The slightest of the four films I saw is Fiasco, which tells the separate but overlapping stories of three different generations of the same family: Light-fingered grandpa Karl falls for an old woman who insists that she’s a Hollywood star, hard-suffering mom Steina is in love with a corrupt evangelist who likes to party with strippers while dressed (rather blatantly) in a devil suit, and now that daughter Júlía is pregnant, she plans to get one of her two boyfriends to marry her. (101 Reykjavík’s Hlynur complains that Icelanders are insufficiently fertile, but all but one of these movies feature an embryo or two.) Writer-director Ragnar Bragason interweaves these three tales ingeniously, but the characters are less compelling than the artifice.

Set in 1658, Hrafn Gunnlaugsson’s Witchcraft transpires in an entirely different world than the other films, yet there are numerous similarities. Angels’ Páll contemplates Dagney’s betrayal to the tune of “I Put a Spell on You,” and Witchcraft’s Pastor Jón (Gudnason) also considers himself bewitched. Things would have been simpler if the newly ordained preacher’s first parish hadn’t come with the proviso that he marry the former minister’s widow. This arrangement makes the attraction Ján feels for pretty servant, healer, and midwife Thurid (Sara Dógg Asgeirsdóttir) an adulterous abomination. The pastor’s zeal to destroy pagan blasphemies gets confused with his lust, and the self-styled “warrior for God” doesn’t exactly endear himself to Thurid by insisting that her father and brother be burned to death for scrawling obscene runes in a prayer book. Driven further into carnal bewilderment by a book of pornographic satanic drawings, Ján accuses Thurid of sorcery. Ultimately, however, Ján is dealt a comeuppance—two, actually—that viewers are unlikely ever to forget.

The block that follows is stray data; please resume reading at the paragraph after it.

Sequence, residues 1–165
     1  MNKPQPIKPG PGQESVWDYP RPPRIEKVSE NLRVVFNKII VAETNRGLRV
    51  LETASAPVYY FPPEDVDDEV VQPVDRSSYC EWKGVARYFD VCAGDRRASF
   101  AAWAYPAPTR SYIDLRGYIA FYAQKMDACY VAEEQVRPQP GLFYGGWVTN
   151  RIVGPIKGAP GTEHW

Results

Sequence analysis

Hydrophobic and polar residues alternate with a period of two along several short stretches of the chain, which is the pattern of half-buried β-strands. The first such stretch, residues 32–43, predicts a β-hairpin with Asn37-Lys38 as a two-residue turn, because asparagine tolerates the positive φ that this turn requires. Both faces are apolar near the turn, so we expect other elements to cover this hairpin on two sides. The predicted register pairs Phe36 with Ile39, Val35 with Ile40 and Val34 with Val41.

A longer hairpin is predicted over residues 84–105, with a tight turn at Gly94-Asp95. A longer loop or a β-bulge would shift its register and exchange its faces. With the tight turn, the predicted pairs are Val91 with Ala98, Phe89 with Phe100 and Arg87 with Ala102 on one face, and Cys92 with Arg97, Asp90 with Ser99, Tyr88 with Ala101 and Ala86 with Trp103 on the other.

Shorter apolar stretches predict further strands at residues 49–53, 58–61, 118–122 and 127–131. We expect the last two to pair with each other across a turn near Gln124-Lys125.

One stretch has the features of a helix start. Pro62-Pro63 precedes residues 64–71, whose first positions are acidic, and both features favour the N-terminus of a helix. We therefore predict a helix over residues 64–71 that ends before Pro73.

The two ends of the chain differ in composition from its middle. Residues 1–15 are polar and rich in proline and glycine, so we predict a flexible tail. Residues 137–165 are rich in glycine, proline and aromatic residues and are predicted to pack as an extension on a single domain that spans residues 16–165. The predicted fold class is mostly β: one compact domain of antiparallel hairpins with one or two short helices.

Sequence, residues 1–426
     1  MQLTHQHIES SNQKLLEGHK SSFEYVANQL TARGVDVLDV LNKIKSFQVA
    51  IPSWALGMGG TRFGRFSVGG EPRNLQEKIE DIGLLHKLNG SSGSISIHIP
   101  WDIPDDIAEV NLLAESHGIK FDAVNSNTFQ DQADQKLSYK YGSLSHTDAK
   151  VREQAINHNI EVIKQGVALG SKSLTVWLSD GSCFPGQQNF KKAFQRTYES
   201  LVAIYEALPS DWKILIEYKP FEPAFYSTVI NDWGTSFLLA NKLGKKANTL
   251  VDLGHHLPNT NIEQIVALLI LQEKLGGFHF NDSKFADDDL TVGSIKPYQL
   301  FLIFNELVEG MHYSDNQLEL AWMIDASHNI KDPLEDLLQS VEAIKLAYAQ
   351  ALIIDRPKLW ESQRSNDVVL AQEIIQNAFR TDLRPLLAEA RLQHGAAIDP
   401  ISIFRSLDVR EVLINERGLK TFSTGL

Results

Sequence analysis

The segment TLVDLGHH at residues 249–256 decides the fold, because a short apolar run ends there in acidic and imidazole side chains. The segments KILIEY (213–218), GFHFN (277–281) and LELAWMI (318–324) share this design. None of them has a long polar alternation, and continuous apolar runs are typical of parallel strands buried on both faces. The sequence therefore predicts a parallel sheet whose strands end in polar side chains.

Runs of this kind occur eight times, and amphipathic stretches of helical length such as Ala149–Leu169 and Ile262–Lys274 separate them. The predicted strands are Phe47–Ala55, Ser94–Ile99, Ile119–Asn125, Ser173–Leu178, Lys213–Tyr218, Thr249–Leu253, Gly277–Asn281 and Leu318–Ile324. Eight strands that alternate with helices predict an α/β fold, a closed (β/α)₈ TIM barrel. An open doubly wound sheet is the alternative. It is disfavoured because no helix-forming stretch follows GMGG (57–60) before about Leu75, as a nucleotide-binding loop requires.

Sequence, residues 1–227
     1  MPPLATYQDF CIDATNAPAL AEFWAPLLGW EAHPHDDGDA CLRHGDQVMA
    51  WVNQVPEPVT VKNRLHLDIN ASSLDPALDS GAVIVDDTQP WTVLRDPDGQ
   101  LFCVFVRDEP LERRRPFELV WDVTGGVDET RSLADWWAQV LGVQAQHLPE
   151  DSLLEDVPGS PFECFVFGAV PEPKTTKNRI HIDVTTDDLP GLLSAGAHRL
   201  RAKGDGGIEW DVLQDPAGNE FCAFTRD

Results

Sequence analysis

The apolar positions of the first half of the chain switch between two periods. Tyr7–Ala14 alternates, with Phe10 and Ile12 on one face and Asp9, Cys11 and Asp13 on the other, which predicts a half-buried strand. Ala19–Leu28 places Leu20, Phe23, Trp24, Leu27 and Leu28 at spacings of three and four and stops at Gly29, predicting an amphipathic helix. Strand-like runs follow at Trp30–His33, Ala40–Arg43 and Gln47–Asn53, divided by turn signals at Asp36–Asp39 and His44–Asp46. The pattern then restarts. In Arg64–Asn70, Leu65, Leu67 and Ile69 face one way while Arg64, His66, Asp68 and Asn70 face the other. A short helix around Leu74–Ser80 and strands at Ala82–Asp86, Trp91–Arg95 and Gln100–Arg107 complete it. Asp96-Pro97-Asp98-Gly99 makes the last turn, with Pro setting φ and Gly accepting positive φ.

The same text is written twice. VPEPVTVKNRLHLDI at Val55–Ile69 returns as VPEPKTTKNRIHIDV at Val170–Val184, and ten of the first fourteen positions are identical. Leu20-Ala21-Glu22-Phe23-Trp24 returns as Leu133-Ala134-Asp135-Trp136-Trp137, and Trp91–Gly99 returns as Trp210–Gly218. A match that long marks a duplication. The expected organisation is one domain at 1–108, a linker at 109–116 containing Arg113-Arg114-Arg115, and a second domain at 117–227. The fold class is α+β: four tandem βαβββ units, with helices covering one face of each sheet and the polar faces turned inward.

Gunnlaugsson, who previously directed little-seen but well-regarded Viking epics, conjures medieval Iceland with chiaroscuro, saturated colors, and stark landscapes. This time, however, the battle is joined not with broadswords but with gruesome heavenly punishments and lurid earthly temptations. “God is dead. Nietzsche killed him,” explains one of Angels of the Universe’s inmates, but Witchcraft takes advantage of God’s 17th-century vitality to give him a spectacular final comment.

The contents of the typical Spike & Mike animation festival can be divided into just a few categories: the music video, the arty European (or sometimes Canadian) parable, and the antitoon, which makes cruel fun of small children or cute animals. There’s usually some claymation, a few delicate pieces done with colored pencil or watercolor, and, of course, something from Aardman Animations, the outfit that created Wallace and Gromit and Chicken Run.

Aardman’s contributions to Spike & Mike’s Classic Festival of Animation 2000 exemplify the collection’s hit-or-miss quality: Peter Peake’s Hum Drum is a very funny (and Oscar-nominated) tale of shadow puppets who are so bored they decide they’ll play shadow puppets. It’s also a repeat from last year’s fest—and insufficient compensation for Darren Walsh’s Angry Kid, several shrill vignettes about a back-seat brat.

Curiously, the music videos are both on supernatural themes: Mark Caballero’s Graveyard Jamboree With Mysterious Mose is junkyard stop-action, and Raymond S. Persi and Matthew Nastuk’s Ghost of Stephen Foster (the latter with music by the Squirrel Nut Zippers) is mock Max Fleischer-style toonsmithery. Both are scored to jump-jive monster-mash ditties.

The arty pieces look fine but don’t always work as narratives. The best is Vuk Jevremovic’s Panther, an impressionistic piece based on a Rilke poem; it’s simply a series of lyrically rendered transformations. Equally stylish are Wendy Tilby and Amanda Forbis’ When the Day Breaks, a tale of everyday misfortune in a city of anthropomorphic animals, and Eugene Fedorenko and Rose Newlove’s Village of Idiots, a version of an old Jewish folktale whose makers seem to have forgotten that animation is a visual medium: A narrator tells the whole story as it’s sketched, rendering either word or image redundant. After 23 years of Spike & Mike fests, you’d think the organizers would know better. Still, better 13 redundant minutes in the Village of Idiots than another second with the Angry Kid. CP